Stay secure, stay innovative
Most enterprises simply do not have a handle on what applications are running within their networks. Thus the first step I would recommend to take in order to bridge the security gap between IT and the business is to understand what users are already doing.
Companies can do this by running a business risk assessment based on the analysis of application traffic traversing the network, taking into account the different types of applications, how they are being used and the relative security risk.
By looking at the associated risks along with how the applications are being used, IT administrators can get a clear understanding of what applications employees are using on the network in a clear and non-technical format.
Doing this will not only highlight any existing risk but also determine where to start a conversation about what unauthorised applications are in fact necessary and even needed by the business.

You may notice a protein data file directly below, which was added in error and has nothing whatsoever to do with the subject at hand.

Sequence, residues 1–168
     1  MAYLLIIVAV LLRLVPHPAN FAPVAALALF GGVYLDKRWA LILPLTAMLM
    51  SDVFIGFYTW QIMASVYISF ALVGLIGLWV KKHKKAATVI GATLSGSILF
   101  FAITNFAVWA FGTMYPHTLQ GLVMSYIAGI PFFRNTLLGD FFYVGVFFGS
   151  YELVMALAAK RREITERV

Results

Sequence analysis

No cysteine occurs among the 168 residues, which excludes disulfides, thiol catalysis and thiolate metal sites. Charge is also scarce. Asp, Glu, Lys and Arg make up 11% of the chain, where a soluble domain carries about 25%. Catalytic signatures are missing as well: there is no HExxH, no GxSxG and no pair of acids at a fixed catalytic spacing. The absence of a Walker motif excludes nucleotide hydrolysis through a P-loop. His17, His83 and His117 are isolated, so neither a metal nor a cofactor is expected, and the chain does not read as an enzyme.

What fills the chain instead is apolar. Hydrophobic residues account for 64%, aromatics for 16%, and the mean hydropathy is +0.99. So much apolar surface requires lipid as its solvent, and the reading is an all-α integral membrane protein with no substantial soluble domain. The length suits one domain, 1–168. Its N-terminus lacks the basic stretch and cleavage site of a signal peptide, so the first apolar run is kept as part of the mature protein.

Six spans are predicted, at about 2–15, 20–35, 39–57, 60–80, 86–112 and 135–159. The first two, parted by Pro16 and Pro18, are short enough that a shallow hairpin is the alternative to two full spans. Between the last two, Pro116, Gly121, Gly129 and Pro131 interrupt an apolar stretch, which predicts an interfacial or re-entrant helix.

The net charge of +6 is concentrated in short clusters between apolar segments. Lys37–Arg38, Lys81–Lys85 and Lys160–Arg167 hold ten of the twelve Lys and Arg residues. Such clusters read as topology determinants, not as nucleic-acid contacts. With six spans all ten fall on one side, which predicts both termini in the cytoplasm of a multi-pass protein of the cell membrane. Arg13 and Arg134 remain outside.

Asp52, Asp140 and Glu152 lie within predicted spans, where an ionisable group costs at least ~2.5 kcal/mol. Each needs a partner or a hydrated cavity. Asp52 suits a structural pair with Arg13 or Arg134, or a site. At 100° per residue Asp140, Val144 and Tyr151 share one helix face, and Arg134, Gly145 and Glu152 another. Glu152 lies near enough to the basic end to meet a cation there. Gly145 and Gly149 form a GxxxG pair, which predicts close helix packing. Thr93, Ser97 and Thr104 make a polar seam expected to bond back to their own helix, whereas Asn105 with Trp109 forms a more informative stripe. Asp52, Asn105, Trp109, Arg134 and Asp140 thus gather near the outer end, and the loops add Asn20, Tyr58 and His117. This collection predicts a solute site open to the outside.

This leads to a much more productive security policy discussion and administrators making more informed decisions on how consumer applications can be brought back under the governance of IT and implemented in a safe and effective manner.
Productive network security
The emphasis of this conversation changes the tone from a debate with a "yes" or more likely a "no" outcome to a collaboration that allows employees to maximise the benefit of these applications while ensuring overall security.
Rather than opening the security's discussion with a "no," taking this approach demonstrates to the business that IT is there to enable innovation and assist, not simply be a roadblock. While pointing out the risks is important, demonstrating the willingness and ability to understand the requirements of the business and then safely enable innovation will make IT the leader in security that employees are willing to follow.
Sharat Sinha is Vice President, Asia Pacific, of Palo Alto Networks.
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